At the Exponential Conference, I met up with DJ Chuang, who helped found this site,  told him about my idea to start a group blog, and he said:

Why not take over nextgenerasianchurch.com?

He offered to connect me with other co-founder, David Park and the video above is the product. I’m looking forward to what is to come!

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Christianity Today features on honor and shame in cultures

The March 2015 issue of Christianity Today had a cover story about the good news about shame,Christianity Today, March 2015 and that was followed by three featured articles at Ed Stetzer’s blog. Ed wrote [note: revised the grammar for better standalone flow here] —

Recently, someone approached me with a fascinating topic: the spread of the gospel in honor-shame cultures.

Andy Crouch, author of Playing God, and executive editor of Christianity Today wrote a remarkable piece on the gospel and public shame.

Jackson Wu shared four keys to evangelism in an honor-shame culture.

Jayson Georges shared about social media and identity.

David Park hosts Next Gener.Asian Church and serves at Open Table Community in Atlanta, GA. David shares about the unity and reconciliation we must seek amidst honor-shame cultures.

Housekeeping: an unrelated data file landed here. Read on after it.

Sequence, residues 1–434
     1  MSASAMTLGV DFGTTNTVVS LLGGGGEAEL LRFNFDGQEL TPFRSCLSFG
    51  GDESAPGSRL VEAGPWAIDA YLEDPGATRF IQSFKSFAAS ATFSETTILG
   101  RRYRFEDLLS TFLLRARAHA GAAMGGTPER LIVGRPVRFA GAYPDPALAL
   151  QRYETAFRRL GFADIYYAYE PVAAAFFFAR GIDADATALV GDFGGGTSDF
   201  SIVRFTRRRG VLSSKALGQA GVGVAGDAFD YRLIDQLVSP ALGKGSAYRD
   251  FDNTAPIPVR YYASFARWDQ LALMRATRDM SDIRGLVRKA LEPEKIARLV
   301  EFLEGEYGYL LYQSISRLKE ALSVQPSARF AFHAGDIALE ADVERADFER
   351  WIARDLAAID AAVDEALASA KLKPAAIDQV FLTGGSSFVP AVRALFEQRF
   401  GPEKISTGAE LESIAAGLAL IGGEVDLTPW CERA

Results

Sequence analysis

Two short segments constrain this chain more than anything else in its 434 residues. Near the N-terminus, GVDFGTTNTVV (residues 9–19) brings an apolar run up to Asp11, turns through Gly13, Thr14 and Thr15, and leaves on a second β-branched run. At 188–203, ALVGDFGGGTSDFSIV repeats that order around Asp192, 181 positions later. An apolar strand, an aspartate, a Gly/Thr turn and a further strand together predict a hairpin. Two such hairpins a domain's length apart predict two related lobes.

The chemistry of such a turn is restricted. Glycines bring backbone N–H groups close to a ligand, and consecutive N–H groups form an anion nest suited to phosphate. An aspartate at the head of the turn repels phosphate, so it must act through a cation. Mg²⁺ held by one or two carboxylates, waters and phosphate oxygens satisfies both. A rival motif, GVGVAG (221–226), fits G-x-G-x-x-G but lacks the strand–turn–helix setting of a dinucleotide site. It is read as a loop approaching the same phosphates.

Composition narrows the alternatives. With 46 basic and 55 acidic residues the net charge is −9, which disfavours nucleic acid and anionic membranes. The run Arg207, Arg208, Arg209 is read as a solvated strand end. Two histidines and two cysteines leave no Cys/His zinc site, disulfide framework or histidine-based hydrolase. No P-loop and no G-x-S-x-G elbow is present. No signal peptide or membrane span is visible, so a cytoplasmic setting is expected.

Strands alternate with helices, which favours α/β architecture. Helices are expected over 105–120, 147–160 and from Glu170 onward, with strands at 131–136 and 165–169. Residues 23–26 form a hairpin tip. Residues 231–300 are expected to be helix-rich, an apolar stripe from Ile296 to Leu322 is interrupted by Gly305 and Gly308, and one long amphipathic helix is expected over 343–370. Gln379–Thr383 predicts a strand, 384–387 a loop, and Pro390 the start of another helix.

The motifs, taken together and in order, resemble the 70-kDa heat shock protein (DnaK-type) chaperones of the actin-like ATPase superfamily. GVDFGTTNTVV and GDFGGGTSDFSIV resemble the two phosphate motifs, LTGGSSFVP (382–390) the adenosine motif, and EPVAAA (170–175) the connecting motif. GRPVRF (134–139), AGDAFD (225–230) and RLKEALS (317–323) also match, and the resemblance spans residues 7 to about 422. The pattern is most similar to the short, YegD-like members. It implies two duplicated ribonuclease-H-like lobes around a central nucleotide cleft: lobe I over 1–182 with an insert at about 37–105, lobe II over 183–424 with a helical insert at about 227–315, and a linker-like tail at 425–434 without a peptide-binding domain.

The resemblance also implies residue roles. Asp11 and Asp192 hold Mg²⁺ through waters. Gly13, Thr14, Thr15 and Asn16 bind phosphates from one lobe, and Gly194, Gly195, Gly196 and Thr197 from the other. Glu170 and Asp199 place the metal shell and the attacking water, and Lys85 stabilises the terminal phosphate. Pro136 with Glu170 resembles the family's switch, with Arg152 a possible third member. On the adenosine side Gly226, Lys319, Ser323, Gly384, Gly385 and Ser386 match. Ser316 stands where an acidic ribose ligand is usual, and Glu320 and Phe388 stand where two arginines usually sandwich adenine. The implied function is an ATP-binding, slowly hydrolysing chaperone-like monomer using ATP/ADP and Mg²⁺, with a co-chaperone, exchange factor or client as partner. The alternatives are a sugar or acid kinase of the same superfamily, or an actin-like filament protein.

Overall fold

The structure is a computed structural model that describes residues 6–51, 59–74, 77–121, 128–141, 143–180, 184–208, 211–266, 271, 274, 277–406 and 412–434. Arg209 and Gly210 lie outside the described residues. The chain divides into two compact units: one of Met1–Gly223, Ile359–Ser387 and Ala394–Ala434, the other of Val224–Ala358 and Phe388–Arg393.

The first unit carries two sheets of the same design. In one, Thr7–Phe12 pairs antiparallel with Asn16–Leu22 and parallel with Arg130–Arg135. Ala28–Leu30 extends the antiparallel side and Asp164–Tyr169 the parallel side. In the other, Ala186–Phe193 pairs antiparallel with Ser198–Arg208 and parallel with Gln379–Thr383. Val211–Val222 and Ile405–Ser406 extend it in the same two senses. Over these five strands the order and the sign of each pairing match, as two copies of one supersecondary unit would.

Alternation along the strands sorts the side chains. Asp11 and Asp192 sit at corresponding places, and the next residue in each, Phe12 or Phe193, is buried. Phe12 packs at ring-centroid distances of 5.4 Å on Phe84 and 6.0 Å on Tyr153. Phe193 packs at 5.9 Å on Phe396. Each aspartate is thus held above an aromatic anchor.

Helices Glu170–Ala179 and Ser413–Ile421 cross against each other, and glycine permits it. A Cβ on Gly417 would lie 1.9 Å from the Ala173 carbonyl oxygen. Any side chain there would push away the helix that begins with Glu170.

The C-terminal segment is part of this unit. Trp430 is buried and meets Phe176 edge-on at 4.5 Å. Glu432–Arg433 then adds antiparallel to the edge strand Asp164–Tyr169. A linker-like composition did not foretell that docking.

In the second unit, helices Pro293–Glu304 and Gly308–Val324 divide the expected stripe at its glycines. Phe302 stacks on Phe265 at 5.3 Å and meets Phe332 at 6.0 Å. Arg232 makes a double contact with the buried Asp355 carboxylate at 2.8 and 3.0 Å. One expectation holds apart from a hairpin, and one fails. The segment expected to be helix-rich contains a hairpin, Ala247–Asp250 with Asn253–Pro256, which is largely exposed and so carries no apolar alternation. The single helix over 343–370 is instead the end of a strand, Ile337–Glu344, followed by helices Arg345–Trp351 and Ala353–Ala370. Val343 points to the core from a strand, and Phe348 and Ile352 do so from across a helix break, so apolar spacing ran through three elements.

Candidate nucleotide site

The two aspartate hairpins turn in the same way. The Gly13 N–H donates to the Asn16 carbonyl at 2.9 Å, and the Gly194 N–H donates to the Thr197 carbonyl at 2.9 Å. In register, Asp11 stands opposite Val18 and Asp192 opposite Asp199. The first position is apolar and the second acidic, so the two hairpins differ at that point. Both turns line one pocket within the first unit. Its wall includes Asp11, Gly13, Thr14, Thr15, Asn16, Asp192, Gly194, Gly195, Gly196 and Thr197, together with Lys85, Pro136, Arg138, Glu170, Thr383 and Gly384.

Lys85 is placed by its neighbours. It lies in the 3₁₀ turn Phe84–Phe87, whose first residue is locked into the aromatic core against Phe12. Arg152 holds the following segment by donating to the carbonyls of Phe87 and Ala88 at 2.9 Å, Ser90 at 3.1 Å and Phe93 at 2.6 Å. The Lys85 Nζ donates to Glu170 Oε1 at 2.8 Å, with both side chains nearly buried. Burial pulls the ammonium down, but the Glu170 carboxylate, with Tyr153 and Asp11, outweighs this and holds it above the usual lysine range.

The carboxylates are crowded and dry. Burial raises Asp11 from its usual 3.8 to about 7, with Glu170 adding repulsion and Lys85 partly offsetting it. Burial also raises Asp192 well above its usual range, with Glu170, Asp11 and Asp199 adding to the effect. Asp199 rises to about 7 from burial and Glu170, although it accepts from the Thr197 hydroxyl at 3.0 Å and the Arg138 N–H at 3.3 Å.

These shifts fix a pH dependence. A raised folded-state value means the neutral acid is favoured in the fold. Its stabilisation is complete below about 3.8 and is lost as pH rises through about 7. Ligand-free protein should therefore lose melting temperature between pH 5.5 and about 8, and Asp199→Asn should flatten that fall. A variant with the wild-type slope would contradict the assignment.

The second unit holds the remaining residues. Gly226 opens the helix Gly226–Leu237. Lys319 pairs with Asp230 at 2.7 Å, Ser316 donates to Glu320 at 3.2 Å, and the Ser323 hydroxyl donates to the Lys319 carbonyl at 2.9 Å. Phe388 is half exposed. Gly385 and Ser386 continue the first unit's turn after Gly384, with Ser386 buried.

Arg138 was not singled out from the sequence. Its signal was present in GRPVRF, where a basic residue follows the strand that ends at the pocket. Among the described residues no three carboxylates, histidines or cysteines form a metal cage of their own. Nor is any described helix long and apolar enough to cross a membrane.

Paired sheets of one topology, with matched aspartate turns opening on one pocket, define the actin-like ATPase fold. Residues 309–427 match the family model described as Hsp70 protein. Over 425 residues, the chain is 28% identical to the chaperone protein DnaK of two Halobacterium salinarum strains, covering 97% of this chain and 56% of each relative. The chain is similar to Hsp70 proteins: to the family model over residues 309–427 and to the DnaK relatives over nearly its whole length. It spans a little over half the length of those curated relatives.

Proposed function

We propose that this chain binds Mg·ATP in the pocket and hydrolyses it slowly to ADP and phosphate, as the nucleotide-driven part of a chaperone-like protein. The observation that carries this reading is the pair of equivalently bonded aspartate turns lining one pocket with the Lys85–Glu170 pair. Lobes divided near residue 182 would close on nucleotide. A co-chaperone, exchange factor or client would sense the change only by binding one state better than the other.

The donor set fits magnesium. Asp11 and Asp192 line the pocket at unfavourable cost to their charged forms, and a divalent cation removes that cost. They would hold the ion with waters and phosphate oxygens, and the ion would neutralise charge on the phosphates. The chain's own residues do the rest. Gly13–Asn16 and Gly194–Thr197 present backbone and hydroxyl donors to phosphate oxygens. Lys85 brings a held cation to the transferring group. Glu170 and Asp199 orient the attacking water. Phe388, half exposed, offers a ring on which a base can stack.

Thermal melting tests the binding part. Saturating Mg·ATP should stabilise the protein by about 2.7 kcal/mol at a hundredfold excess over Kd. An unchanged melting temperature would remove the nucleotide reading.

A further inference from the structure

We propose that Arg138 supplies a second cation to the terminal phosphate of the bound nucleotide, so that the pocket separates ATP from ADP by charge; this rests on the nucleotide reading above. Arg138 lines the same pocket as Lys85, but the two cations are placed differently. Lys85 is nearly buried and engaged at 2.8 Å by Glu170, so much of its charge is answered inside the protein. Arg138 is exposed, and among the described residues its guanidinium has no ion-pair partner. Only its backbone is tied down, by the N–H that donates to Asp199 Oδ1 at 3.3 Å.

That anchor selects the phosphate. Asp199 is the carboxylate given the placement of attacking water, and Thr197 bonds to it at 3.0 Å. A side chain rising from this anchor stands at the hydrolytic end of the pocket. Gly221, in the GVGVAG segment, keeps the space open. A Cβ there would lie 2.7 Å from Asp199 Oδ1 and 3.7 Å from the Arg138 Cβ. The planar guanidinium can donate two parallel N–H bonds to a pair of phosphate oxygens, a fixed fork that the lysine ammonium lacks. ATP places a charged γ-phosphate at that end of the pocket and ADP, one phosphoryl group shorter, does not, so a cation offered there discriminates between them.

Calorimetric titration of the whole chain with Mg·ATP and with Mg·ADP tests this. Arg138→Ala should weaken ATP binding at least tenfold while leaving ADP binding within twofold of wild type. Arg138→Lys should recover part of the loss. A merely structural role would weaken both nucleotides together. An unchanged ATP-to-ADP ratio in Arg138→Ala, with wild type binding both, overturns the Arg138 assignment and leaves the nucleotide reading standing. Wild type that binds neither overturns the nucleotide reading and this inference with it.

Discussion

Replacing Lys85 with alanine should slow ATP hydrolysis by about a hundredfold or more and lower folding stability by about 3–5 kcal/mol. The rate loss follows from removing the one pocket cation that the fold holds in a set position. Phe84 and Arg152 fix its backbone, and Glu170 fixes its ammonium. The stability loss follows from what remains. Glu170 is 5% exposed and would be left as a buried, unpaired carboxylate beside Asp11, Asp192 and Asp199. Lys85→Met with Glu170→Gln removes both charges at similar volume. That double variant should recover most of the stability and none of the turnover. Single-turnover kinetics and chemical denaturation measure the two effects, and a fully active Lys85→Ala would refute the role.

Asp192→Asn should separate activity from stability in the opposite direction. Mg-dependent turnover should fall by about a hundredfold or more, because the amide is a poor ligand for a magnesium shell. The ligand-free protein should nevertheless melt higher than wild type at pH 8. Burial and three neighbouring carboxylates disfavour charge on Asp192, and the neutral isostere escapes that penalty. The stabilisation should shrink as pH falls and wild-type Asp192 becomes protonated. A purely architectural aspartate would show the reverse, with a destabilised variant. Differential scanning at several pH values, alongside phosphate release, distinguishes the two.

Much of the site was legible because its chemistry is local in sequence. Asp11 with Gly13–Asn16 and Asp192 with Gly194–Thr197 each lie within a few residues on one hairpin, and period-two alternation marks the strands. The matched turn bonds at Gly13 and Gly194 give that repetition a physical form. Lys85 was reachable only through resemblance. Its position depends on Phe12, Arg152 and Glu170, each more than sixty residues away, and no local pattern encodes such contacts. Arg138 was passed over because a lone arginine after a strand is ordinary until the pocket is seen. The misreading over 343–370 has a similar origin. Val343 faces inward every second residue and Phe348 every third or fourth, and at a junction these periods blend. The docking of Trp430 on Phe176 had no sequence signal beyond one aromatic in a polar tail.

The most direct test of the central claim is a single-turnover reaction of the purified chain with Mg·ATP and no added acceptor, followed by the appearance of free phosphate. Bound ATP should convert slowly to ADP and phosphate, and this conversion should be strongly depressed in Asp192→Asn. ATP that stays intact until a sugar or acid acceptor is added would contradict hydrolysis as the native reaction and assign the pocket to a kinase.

Andy Crouch: The Return of Shame
From online bullying to Twitter takedowns, shame is becoming a dominant force in the West. Thankfully, the Bible is full of language about shame. It’s just that most Westerners don’t see it.

How to Minister to People Shaped by Shame
Honor and shame dynamics can shape everything from evangelism to fundraising to family relationships.
Interview with Joe Ho (InterVarsity) by Andy Crouch

4 Keys to Evangelism in Honor-Shame Cultures
Jackson Wu shares about how evangelism can happen in honor-shame cultures throughout the world.

Our New Virtual Face: Reflections on Social Media and Identity